Many of the new regulations are aimed at boosting consumer protections for those enrolled in these managed care plans, including frail elders.

What Medicare and Medicaid’s Ratings Say About Nursing Homes

For all of its flaws, Medicare and Medicaid’s Nursing Home Compare five-star rating system gives consumers a head-start when searching for a facility. Now, the Kaiser Family Foundation has taken a closer look at the ratings, and reached some interesting conclusions:

  • In a system that rates facilities from 1-5 stars, about one-third have low 1 or 2 star ratings, while about 45 percent received 4 or 5 stars.
  • Non-profits, which represent only about one-quarter of nursing facilities, generally get higher ratings than for-profits.
  • Smaller facilities score higher than larger ones.

Senators Want To Improve Medicare For Seniors With Chronic Diseases, But Are Ignoring Half The Problem

A powerful bipartisan group of U.S. senators wants to improve medical care for older Americans with chronic disease. By doing so, they are taking an important step in improving the health and quality of life of these seniors.

But so far at least, they are focusing on only half the problem. While older people with chronic conditions do need improved medical care, they also need better social supports, personal assistance,  access to services such as transportation, and safe and affordable housing.  Improving delivery of medical care without including social supports is like pumping air in a flat tire without first fixing the puncture.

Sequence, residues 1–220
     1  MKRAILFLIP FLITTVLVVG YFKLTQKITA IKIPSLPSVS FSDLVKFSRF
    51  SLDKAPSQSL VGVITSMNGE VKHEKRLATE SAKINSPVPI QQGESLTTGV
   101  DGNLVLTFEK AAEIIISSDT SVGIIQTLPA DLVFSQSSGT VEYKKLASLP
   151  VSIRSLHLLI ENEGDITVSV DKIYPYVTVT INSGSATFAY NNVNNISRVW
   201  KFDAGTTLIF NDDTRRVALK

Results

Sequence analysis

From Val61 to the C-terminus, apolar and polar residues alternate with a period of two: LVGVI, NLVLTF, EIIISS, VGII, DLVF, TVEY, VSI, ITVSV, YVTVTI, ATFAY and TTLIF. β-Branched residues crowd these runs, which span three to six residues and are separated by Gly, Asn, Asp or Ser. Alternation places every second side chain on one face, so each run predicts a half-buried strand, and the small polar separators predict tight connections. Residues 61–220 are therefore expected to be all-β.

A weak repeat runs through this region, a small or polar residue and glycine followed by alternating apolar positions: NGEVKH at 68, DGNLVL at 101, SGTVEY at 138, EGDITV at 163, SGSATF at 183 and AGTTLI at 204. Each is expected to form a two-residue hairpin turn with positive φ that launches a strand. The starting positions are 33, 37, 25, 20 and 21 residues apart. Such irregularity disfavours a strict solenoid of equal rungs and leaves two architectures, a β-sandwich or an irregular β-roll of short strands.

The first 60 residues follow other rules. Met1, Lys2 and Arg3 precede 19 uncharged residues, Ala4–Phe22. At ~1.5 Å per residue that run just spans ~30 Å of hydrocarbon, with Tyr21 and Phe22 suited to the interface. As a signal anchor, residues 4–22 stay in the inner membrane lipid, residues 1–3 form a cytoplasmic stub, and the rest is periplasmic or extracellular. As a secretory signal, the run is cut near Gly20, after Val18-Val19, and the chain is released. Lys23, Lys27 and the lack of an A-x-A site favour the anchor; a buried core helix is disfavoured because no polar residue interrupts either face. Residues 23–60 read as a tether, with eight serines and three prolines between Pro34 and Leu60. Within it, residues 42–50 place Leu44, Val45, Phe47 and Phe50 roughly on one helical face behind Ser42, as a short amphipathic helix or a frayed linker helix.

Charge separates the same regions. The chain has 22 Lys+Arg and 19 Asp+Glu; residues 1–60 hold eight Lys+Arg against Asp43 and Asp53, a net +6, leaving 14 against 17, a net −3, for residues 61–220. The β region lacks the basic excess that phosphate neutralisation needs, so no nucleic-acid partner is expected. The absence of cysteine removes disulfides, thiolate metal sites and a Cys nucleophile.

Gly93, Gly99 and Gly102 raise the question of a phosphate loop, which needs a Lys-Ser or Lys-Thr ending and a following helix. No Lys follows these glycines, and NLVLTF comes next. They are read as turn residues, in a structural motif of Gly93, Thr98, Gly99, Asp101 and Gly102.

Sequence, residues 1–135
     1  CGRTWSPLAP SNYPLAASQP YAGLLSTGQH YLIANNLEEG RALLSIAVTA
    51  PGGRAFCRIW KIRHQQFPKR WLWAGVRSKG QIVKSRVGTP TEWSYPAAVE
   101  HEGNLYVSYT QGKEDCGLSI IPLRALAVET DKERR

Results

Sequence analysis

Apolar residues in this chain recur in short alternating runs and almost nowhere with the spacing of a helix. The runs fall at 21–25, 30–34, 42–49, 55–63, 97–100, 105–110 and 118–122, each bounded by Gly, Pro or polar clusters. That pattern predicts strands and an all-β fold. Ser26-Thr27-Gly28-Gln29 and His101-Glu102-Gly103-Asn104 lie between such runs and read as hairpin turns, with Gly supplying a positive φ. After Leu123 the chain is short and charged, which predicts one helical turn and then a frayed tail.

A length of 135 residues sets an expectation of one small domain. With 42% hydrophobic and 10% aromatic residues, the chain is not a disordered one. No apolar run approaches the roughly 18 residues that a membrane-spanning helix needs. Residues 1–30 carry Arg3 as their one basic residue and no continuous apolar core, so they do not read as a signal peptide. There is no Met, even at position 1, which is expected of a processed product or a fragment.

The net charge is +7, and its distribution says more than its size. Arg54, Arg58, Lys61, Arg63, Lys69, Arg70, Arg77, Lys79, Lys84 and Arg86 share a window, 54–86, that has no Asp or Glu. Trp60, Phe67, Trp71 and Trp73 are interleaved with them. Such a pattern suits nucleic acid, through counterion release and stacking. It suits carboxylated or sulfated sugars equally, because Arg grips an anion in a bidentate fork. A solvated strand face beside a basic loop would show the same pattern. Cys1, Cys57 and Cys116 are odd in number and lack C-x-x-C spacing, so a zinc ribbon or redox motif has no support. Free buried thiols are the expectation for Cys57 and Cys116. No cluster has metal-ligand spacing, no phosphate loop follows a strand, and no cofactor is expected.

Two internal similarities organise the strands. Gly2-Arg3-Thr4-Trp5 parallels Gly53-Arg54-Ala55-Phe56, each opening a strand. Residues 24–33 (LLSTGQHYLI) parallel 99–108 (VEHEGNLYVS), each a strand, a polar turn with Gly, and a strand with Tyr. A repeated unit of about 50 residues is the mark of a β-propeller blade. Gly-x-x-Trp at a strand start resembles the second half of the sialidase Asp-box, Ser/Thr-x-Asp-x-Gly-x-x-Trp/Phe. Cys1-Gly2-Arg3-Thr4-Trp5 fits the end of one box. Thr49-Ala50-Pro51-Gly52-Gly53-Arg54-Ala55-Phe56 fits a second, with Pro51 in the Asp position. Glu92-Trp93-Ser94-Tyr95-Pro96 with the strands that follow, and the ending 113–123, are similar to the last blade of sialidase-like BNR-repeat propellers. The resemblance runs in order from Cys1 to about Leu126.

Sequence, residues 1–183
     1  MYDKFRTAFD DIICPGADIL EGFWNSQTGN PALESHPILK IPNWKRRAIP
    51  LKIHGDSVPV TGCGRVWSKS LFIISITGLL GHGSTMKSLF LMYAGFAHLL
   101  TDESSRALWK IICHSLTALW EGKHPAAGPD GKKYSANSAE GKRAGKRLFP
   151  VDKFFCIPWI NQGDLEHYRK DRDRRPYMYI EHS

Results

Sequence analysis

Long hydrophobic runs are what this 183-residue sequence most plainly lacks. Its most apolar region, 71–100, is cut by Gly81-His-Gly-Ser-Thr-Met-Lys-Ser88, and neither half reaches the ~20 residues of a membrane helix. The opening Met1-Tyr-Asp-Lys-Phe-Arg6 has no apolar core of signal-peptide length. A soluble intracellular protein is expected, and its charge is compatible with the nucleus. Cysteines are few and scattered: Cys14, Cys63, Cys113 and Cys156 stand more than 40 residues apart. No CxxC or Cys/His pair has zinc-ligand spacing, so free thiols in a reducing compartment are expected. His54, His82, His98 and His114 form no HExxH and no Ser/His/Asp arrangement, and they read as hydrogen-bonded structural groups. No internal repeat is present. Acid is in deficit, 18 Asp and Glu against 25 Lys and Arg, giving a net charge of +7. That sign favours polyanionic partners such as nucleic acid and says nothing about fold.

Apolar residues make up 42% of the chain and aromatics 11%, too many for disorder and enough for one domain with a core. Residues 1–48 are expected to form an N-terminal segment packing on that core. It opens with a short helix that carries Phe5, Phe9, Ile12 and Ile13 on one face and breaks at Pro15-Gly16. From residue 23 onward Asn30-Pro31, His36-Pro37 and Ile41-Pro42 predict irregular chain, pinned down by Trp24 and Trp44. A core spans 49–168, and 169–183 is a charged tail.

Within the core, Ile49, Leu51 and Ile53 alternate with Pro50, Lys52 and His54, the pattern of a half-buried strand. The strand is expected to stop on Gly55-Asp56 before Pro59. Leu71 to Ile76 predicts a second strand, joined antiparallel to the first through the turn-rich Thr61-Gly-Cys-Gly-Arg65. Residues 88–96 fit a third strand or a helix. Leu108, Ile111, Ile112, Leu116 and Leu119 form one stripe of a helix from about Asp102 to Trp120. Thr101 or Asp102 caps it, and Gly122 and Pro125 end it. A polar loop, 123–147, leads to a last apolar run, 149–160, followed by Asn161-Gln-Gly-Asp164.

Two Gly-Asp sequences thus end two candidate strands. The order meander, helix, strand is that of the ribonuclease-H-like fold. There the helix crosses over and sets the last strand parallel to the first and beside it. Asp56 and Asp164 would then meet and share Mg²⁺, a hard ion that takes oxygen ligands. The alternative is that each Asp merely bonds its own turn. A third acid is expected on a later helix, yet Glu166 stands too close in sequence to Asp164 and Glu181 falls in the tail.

Why Old People Get Such Bad Medical Care

In a recent essay in The Washington Post, geriatrician and author Jerald Winakur described the recent hospital experience of his 91-year-old mother. You won’t be surprised to learn it was a nightmare: Poor pain management, overworked staff, insufficient training, little communication among physicians and no communication between his mom and the waves of medical professionals who treated her each day.

She survived her two-month hospital stay but, Winakur suggests, only because he and his brother were constantly at her side.

Hill Republicans Won’t Try To Restructure Medicare—Yet

Congressional Republicans agreed to a non-binding budget framework yesterday that would slow projected growth of Medicare, but not completely restructure the program as the House GOP wanted.

House Republicans tried to use the budget process to fundamentally rewrite Medicare, turning it from an open-ended entitlement program to a model known as premium support. But the move was blocked by Senate Republicans, who feared a political firestorm.

In the premium support model, the federal government would provide a fixed subsidy (or a voucher) to help seniors buy insurance on the open market. Participants would gradually pay a much greater share of the program cost than they do today.

AARP’s New Evidence That Medicare’s Hospital Observation Rules Are a Mess

Of all the complex rules that plague fee-for-service Medicare, few are harder to understand and potentially more important for seniors than observation status. By now, many older adults have heard the phrase. But they are still not clear what it means.

A new study by AARP sheds some light on the consequences for seniors of hospital observation stays. But they turn out to be a muddle, in part because Medicare pays for hundreds of millions of dollars of skilled nursing facility care that probably should be billed to patients.